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New F1 Qualifying Format


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A shake-up to the qualifying format has been given the go-ahead by all 11 teams on the grid, meaning it must now be approved by the FIA World Motor Sport Council. That's likely to be a formality and therefore it's almost guaranteed to be in place before the Australian Grand Prix in under 20 days time.

During a meeting in Bahrain last week, the teams convened to discuss how to stop drivers sitting out Q3 in order to save tyres. A number of changes were put forward, but it's believed they've now unanimously decided upon a couple of tweaks.

Q1 will now last 18 minutes, two less than previously, whilst Q2 will remain at 15 minutes and the final top-ten shootout, Q3, will be extended by two minutes to 12 in total.

The 16 cars which make it though to Q2 will receive an extra set of option (softer) tyres, but these tyres can only be used during Q3 - so those who don't progress will get to keep them for the race, but those who do make it into the top-ten shoot-out must use the additional options to set their final time, but must then hand them back to Pirelli after.

Those in Q3 will then start the race on the tyre in which they set their fastest lap on in Q2.

This ensures that all the cars in Q3 are competing on the same tyre, without the incentive to stay in the garage, but the strategic element of starting on the prime (harder) option remains a possibility if they choose to use that tyre in Q2.

It also gives those starting outside the top-ten an additional set of new tyres. Those in Q2 get to keep the additional set which Q3 runners had to hand back, whilst the bottom six cars will have used less tyres in the first place.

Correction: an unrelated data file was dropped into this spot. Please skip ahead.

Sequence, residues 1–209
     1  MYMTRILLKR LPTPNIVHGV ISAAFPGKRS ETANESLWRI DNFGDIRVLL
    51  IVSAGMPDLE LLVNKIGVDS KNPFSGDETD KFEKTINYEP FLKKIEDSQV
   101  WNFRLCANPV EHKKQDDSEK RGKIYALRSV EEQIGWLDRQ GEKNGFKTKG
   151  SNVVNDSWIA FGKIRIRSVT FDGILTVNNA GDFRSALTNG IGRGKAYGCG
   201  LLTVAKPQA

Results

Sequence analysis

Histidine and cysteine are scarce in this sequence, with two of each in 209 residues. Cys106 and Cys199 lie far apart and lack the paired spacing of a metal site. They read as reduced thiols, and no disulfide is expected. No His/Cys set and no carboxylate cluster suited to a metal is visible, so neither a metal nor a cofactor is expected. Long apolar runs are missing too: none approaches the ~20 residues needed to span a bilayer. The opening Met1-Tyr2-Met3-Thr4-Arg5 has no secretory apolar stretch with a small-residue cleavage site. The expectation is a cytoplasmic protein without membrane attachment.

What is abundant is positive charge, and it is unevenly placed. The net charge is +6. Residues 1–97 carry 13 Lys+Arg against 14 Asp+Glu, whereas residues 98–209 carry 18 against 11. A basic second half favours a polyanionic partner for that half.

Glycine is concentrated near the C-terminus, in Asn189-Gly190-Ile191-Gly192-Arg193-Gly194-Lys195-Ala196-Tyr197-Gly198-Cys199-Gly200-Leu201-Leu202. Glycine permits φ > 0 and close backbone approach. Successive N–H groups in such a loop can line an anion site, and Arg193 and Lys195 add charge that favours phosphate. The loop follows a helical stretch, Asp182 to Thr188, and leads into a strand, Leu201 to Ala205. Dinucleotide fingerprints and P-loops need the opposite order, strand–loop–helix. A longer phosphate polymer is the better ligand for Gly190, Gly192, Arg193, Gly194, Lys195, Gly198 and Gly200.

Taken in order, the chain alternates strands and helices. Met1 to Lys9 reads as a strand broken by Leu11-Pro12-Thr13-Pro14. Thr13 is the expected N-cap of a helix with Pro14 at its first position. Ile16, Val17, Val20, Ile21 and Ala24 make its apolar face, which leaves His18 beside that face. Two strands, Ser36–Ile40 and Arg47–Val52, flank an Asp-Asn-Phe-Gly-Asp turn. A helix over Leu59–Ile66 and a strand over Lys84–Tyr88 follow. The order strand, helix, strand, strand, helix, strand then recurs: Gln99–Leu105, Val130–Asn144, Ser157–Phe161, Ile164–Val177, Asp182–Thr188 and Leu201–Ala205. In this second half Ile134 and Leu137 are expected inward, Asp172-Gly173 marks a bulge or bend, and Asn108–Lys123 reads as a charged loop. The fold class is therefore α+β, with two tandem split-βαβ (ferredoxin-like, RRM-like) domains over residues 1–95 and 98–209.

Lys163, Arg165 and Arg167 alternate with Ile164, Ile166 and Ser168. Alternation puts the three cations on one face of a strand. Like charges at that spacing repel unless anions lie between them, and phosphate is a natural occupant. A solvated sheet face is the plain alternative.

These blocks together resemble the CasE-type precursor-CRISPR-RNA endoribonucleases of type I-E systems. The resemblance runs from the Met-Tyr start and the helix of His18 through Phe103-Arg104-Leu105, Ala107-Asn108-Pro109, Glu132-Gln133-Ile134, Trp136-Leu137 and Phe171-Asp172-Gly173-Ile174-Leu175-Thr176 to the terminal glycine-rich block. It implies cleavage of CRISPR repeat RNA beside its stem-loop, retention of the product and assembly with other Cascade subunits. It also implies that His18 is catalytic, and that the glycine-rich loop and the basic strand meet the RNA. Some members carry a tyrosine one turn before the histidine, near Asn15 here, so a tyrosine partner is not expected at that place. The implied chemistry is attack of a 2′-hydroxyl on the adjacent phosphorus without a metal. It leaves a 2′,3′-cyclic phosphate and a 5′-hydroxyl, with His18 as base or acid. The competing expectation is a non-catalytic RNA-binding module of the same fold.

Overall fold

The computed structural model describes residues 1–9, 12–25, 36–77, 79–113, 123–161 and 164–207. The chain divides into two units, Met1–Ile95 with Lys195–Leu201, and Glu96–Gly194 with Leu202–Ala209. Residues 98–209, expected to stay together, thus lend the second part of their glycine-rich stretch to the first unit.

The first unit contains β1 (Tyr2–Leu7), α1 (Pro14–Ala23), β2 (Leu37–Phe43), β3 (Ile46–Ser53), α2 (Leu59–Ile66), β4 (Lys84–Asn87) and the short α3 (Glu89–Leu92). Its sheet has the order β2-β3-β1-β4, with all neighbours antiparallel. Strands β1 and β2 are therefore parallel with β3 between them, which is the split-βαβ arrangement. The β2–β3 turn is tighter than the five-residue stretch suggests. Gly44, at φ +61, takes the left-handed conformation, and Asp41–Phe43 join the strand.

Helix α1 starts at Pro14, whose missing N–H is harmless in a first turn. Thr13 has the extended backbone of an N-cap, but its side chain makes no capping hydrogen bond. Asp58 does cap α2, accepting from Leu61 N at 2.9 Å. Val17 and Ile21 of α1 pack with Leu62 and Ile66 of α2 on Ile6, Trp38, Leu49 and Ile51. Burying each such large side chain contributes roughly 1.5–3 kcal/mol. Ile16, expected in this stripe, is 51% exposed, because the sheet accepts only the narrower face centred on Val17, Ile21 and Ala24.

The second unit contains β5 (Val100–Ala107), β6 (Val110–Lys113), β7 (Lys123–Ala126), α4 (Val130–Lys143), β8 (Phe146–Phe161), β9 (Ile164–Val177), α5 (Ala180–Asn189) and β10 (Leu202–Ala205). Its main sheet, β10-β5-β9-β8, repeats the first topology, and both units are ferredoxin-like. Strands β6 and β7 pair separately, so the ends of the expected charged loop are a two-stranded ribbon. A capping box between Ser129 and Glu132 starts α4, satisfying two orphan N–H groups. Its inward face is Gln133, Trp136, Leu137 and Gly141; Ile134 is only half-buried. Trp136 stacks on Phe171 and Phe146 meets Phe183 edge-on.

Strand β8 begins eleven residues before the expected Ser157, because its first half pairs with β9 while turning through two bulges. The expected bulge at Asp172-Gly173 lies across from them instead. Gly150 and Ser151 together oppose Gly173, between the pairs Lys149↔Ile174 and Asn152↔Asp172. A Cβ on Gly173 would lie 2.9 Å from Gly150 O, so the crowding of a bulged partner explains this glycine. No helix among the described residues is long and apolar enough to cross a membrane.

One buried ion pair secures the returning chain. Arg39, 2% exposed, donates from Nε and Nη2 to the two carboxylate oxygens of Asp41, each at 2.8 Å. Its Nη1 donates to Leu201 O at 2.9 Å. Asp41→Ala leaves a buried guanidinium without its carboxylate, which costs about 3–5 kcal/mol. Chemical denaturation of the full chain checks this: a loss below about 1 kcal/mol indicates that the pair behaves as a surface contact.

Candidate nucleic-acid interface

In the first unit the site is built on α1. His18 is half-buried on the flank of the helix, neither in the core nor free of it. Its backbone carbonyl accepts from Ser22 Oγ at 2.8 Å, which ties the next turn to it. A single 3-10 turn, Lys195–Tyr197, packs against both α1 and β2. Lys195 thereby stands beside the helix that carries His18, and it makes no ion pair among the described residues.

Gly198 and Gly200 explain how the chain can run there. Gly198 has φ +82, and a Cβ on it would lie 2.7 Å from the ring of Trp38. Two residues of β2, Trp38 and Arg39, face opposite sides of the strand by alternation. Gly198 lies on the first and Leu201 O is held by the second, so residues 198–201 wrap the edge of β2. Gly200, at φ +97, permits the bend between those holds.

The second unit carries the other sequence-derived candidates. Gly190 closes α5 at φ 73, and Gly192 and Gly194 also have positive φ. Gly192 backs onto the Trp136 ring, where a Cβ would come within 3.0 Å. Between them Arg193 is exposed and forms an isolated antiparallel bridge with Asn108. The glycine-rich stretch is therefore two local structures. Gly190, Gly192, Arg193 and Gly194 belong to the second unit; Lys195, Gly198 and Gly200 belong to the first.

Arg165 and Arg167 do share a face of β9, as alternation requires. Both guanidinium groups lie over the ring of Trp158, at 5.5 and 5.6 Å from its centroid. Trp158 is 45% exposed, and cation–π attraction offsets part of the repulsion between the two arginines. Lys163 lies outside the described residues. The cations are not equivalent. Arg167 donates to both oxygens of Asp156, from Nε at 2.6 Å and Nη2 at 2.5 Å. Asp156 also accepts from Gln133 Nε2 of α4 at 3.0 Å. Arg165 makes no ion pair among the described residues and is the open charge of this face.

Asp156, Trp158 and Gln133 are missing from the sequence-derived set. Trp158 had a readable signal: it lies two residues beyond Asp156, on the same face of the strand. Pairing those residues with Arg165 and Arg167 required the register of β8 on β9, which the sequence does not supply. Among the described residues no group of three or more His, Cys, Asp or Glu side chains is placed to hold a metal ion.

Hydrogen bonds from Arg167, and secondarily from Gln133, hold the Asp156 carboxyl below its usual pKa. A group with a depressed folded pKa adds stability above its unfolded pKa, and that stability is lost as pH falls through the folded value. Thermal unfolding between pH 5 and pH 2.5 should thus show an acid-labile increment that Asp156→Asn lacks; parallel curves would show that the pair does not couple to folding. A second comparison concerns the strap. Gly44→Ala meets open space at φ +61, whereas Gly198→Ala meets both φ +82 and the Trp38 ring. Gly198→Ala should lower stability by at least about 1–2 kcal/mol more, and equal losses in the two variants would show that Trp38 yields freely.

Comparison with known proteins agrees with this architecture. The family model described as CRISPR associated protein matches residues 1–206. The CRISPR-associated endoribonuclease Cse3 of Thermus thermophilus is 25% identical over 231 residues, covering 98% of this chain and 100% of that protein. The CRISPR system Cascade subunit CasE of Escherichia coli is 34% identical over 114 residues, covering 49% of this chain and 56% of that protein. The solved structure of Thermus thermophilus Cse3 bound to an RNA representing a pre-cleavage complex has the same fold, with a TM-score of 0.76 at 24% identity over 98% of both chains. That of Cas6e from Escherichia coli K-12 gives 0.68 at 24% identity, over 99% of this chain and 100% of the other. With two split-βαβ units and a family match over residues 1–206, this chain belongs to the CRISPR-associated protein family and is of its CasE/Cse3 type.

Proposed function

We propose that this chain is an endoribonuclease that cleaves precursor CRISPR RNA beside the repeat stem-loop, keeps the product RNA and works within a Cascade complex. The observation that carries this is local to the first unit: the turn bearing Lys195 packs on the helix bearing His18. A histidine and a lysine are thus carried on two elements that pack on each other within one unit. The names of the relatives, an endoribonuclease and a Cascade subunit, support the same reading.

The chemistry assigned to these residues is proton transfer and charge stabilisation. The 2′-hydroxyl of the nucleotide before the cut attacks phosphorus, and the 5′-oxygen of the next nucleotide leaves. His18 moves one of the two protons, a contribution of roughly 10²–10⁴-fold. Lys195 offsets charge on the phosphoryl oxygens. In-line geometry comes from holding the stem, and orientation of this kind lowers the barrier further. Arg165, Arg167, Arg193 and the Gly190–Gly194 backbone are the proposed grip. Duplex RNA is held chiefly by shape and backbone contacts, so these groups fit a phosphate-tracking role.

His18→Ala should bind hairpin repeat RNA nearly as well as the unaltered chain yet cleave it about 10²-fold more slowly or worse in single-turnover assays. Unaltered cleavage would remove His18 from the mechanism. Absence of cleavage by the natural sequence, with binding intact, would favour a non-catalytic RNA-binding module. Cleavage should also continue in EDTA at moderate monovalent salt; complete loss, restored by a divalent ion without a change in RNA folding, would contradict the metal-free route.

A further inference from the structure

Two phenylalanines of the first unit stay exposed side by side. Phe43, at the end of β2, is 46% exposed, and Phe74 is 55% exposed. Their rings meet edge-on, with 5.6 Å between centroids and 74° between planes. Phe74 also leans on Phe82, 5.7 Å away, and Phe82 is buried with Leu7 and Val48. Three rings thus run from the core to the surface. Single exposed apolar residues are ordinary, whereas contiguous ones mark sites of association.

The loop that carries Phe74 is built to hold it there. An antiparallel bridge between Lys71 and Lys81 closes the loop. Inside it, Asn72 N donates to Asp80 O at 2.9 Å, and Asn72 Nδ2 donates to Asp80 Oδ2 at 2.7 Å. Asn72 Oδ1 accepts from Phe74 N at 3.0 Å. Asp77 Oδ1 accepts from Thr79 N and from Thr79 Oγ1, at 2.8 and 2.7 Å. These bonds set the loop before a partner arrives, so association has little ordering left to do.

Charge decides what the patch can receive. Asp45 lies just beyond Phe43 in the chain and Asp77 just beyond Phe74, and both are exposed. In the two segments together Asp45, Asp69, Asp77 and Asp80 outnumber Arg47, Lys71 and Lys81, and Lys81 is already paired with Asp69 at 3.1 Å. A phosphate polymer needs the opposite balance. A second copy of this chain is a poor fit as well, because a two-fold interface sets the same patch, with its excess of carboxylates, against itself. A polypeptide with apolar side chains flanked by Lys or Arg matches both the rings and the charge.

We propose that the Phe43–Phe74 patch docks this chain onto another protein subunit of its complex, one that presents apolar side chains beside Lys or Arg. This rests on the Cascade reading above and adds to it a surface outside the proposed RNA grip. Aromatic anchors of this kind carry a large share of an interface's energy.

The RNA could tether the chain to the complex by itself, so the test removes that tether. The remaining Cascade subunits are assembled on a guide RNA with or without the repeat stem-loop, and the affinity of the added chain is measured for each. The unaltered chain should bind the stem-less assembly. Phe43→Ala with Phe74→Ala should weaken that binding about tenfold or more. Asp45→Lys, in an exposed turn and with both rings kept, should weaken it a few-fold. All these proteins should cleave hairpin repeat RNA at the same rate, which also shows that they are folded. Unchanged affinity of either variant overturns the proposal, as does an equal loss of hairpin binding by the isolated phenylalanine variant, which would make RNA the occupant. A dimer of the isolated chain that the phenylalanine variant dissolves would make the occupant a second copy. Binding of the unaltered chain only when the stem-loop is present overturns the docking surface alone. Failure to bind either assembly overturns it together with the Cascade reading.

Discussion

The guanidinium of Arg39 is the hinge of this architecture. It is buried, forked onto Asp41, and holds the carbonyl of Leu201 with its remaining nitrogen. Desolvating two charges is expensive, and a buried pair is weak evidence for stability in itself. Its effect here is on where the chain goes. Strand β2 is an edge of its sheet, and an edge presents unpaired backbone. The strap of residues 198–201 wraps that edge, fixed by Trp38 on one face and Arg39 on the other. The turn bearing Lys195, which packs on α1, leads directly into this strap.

The change is likely to be confirmed ahead of the next pre-season test in Bahrain next week.


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Right... so They get given an extra set of tyres in Q2 which cannot be used in Q2 & can only be used in Q3.


The Q3 runners must set their fastest lap on that new set of tyres they were given. They must then send those tyres back to Pirelli and start on their fastest Q2 tyres.


Meanwhile those that didn't make it to Q3 to use those extra tyres in Q3 get to keep them for the race as brand new tyres.


Whatever tyres they set their fastest lap in Q3 go back as they're just a qualifying tyre. 11th to 16th get an extra set & 17th - 22nd get bugger all.
That's not confusing is it ...  :blink:

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This is Garys take on why he was 'sacked'.  says alot about the BBC coverage.


"What was the BBC thinking when it got rid of you, Gary?"
Ben Roynon, via Facebook

Got rid of me seems a little harsh, but in reality I suppose that's the correct term.

Ever since I started work with them, I've been pushing them to do more on the technical side, and during the second half of 2013 it appeared to me that they were wanting to do less.

For example, I set up an open-house visit to Renault to cover the engine package for 2014 in detail and twice on the day before we were due to go it was cancelled by the BBC. The reasoning was that as far as they were concerned, the viewers were not that interested.

I was not very happy. I believed that with the enormous technical changes for 2014, we should be doing more, not less.

I felt that if I couldn't bring to the viewer what I felt they wanted because my hands were tied, then it was better not to be there at all. I was in the midst of writing a resignation email when I got the call from them to meet up for a chat, which is when, as you say, they got rid of me!

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F1 is meant to be entertainment is it not??? Though it's rarely passing as that these days.


The drivers would no doubt squeal about it, but to me it's always made sense to scrap qualifying aside for the first race of the season and from then on have the starting grid as the reverse of the drivers championship, so if you're leading the championship you start at the back of the grid.  


Would ensure huge amount of racing and overtaking every race......

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